In Tadmor players take the role of rich merchants based in Palmyra.
They will increase in power and prestige by expanding their trading routes and by contributing to the political and religious life of the city.
In the game, a merchant's success is measured in Prestige Points. The winning merchant is the one who scores the most points at the end of the game.
Once dubbed "the Bride of the Desert", Palmyra (also known as Tadmor) was a vital stop for caravans crossing the Syrian Desert.
It was built on an oasis lying approximately halfway between the Mediterranean Sea in the west and the Euphrates River east, and thus helped connect the Western world with the Orient. The city began to attain prominence in the 3rd century BC, when a road through it became one of the main routes of east-west trade.
Palmyra was made part of the Roman province of Syria during the reign of Tiberius (14–37 AD). It steadily grew in importance as a trade route linking Persia, India, China, and the Roman Empire. In 129, Hadrian visited the city and was so impressed that he proclaimed it a free city and renamed it Palmyra Hadriana. In 217, Emperor Caracalla made Palmyra a colonia, which meant exemption from paying taxes to the empire. The 2nd and 3rd centuries were the golden age of Palmyra, when it flourished through its extensive trading and favoured status under the Romans.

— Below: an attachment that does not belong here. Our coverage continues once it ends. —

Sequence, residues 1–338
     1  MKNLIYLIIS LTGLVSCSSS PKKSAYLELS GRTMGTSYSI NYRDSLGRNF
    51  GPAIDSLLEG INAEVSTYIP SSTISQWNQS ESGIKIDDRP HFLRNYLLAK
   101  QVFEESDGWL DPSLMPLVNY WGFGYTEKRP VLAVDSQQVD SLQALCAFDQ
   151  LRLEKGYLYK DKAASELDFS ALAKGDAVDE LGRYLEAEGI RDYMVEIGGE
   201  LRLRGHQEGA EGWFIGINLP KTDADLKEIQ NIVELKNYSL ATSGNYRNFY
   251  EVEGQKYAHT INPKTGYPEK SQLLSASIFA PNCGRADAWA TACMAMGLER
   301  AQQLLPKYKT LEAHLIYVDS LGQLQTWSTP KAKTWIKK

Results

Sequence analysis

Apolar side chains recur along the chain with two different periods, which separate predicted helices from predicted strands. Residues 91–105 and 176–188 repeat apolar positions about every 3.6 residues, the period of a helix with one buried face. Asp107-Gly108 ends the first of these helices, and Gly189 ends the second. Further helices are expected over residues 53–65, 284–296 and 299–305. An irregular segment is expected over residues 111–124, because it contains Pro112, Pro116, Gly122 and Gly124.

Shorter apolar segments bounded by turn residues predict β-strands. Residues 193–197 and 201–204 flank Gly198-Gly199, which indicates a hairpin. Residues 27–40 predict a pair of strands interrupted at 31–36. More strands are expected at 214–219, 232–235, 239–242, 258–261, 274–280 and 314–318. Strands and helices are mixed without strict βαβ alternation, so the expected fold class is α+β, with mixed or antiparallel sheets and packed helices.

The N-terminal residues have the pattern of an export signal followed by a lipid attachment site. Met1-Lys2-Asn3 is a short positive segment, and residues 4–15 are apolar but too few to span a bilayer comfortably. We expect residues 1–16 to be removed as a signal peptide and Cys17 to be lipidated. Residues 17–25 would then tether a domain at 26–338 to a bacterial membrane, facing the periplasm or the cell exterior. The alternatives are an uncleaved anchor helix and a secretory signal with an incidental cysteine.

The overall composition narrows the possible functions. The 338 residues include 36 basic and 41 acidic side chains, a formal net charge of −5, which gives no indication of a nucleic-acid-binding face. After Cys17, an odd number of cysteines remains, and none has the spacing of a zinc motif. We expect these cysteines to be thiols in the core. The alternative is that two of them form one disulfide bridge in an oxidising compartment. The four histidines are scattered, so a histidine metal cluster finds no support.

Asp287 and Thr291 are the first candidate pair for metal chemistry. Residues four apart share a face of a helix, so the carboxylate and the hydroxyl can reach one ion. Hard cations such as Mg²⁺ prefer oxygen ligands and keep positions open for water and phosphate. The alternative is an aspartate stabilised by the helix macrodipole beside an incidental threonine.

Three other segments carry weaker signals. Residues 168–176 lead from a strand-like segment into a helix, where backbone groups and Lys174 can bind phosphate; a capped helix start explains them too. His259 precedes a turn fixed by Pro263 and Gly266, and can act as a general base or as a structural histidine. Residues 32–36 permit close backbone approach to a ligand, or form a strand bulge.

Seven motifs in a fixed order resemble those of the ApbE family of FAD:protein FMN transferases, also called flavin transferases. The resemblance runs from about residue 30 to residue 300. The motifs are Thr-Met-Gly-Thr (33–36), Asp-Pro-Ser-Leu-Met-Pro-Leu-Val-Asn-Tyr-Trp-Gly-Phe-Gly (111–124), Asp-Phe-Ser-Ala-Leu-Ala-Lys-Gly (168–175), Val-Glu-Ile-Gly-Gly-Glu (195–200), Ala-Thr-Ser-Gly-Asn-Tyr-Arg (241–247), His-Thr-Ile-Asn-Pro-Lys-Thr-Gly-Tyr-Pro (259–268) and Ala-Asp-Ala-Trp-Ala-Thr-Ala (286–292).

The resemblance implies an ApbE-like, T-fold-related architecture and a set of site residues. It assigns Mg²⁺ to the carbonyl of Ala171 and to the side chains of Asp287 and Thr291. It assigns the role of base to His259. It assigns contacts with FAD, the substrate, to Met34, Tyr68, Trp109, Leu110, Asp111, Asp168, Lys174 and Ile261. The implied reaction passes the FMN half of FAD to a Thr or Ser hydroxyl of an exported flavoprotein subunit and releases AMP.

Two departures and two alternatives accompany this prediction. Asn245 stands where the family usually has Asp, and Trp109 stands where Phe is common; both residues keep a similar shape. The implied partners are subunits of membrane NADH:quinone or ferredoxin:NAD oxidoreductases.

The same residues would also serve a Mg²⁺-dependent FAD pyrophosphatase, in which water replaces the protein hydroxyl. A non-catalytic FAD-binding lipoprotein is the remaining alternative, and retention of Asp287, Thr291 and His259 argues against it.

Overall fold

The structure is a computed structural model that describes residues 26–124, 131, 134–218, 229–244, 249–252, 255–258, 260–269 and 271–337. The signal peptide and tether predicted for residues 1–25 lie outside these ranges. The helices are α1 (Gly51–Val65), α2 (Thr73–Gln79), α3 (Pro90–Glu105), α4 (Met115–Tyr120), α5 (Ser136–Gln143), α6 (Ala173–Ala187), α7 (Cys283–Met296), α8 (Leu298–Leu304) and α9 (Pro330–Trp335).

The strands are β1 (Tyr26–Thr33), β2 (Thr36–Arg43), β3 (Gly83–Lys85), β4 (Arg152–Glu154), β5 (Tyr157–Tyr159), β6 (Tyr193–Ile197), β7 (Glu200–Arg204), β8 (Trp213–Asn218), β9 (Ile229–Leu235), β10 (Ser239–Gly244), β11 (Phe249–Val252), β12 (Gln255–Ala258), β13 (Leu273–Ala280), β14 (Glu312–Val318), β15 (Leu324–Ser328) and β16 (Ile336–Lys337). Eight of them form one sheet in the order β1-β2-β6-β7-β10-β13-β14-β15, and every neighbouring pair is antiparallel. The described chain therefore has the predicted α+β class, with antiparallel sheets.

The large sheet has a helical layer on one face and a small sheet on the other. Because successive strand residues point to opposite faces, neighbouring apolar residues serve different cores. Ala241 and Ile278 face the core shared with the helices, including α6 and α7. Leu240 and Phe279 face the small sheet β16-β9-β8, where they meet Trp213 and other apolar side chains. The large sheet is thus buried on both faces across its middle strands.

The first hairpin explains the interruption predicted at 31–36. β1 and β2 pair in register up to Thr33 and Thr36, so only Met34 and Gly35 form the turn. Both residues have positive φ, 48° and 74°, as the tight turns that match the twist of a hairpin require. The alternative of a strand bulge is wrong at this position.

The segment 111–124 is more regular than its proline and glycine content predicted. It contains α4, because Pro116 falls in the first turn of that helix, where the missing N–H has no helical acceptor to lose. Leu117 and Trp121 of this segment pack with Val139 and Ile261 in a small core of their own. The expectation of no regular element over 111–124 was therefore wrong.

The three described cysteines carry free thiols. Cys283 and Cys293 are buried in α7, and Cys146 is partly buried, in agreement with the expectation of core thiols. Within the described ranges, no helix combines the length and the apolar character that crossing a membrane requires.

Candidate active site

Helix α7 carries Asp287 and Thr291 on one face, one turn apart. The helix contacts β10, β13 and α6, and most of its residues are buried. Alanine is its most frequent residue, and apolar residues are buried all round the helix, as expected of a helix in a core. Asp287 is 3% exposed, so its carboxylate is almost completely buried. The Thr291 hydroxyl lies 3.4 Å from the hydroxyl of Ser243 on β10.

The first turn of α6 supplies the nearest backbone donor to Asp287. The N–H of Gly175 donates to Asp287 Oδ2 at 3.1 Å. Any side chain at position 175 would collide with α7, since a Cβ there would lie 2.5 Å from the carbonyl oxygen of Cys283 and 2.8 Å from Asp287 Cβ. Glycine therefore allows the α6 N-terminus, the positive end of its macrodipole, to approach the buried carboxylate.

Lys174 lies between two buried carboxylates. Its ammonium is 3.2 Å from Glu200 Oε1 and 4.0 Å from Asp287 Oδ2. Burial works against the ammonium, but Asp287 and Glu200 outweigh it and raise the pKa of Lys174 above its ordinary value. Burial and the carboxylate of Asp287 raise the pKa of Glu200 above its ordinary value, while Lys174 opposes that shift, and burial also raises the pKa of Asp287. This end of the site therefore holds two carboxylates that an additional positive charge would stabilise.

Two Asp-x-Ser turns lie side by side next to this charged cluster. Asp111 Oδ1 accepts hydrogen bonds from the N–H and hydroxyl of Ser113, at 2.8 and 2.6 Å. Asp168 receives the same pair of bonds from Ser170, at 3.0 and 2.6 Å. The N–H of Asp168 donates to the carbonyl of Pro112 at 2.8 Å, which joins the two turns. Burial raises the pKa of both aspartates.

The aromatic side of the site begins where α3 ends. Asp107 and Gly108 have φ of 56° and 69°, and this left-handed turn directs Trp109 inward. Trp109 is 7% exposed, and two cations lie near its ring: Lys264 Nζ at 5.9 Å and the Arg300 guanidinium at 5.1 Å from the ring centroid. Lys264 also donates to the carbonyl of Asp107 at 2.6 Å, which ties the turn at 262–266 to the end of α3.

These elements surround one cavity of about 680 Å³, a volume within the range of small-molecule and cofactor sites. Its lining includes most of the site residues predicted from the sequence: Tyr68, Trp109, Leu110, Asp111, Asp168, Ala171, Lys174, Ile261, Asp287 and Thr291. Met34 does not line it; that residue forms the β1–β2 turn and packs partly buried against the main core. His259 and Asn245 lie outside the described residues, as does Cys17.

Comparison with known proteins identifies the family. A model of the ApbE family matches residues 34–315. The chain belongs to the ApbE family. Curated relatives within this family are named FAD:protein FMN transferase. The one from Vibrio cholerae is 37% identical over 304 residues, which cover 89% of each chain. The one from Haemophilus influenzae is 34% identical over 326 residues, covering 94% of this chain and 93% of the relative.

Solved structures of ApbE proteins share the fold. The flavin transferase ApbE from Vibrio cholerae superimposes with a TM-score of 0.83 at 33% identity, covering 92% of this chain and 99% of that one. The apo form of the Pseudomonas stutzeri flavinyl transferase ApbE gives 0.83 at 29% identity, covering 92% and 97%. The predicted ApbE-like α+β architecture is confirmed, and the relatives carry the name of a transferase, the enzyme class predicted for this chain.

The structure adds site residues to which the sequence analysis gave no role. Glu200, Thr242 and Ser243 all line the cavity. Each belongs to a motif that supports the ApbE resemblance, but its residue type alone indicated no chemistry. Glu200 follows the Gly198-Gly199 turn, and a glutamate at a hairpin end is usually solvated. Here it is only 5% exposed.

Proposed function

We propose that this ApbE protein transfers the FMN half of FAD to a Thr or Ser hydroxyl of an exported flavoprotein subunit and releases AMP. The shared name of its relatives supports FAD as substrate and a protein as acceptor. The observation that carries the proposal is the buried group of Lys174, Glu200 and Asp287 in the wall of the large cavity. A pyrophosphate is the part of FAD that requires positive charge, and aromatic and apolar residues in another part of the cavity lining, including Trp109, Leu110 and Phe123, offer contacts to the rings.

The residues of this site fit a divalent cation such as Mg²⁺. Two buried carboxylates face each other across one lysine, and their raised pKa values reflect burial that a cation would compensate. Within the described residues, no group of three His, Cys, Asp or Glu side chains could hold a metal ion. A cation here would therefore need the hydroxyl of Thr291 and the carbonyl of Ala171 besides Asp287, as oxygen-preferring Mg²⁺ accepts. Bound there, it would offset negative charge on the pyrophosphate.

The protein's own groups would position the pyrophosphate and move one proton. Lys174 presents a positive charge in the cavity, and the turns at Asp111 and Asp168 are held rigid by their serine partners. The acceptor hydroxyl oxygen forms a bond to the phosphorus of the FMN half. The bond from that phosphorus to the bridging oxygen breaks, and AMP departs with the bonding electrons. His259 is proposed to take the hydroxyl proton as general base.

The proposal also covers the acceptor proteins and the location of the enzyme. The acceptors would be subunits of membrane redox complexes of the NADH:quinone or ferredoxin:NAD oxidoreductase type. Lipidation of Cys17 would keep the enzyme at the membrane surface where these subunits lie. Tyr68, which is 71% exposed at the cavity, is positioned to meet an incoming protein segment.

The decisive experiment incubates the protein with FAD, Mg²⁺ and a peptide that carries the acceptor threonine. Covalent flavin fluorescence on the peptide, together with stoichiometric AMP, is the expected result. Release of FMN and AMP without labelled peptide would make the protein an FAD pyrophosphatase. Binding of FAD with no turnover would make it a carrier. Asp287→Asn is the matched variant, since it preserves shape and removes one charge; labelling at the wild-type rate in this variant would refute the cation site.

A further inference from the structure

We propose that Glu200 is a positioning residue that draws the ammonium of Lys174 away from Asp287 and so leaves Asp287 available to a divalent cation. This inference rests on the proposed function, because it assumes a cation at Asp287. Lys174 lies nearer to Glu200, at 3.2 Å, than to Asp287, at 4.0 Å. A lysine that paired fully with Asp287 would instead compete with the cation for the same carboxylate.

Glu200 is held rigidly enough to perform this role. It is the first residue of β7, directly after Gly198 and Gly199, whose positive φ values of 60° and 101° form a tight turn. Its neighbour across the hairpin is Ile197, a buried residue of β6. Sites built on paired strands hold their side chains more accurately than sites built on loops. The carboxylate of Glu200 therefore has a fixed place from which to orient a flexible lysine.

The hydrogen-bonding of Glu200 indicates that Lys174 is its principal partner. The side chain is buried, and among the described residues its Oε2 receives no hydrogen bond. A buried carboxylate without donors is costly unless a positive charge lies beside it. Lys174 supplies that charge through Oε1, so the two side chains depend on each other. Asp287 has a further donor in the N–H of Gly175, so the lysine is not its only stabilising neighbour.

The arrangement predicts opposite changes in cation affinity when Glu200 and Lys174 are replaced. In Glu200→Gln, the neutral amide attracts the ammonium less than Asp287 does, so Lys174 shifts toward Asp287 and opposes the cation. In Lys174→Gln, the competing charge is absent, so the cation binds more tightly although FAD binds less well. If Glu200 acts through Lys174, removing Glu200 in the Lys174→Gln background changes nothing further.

The rise of the aggressive Sasanian Empire combined with the weakness of the Roman Empire forced the Palmyrene council's decision to elect Septimus Odaenathus as Lord for the city. Odaenathus stayed on the side of Rome, assumed the title of King and led the Palmyrene army against the Persians before they could cross the Euphrates to the eastern bank, inflicting upon them a considerable defeat.
In 266 Odaenathus and his eldest son were assassinated. Power fell to his infant son, but Odaenathus' wife, Zenobia, became the effective ruler.
Queen Zenobia was an effective ruler and her armies conquered most of Anatolia (Asia Minor). However, in reaction to Roman Emperor Aurelian's campaign in 272, Zenobia declared her son Emperor and assumed the title of Empress, effectively provoking Palmyra's secession from Rome. After heavy fighting; the queen was besieged in her capital and captured by Aurelian. She was sent to Rome, where she was paraded in golden chains as Emperor Aurelian's trophy. There are two stories of Zenobia's last days: she either lived comfortably in Rome in a villa provided for by the emperor or she starved or poisoned herself to death.
Aurelian spared the city and stationed a garrison of 600 archers, led by Sandarion, as a peacekeeping force. In 273 Palmyra rebelled under the leadership of Septimius Apsaios, declaring Antiochus (a relative of Zenobia) as Augustus. Aurelian marched again against Palmyra, this time razing it to the ground and seizing the most valuable monuments. Palmyrene buildings were smashed, residents massacred and the Temple of Bel pillaged. After these events, Palmyra was reduced to a village and it largely disappeared from historical records for the following 300 years.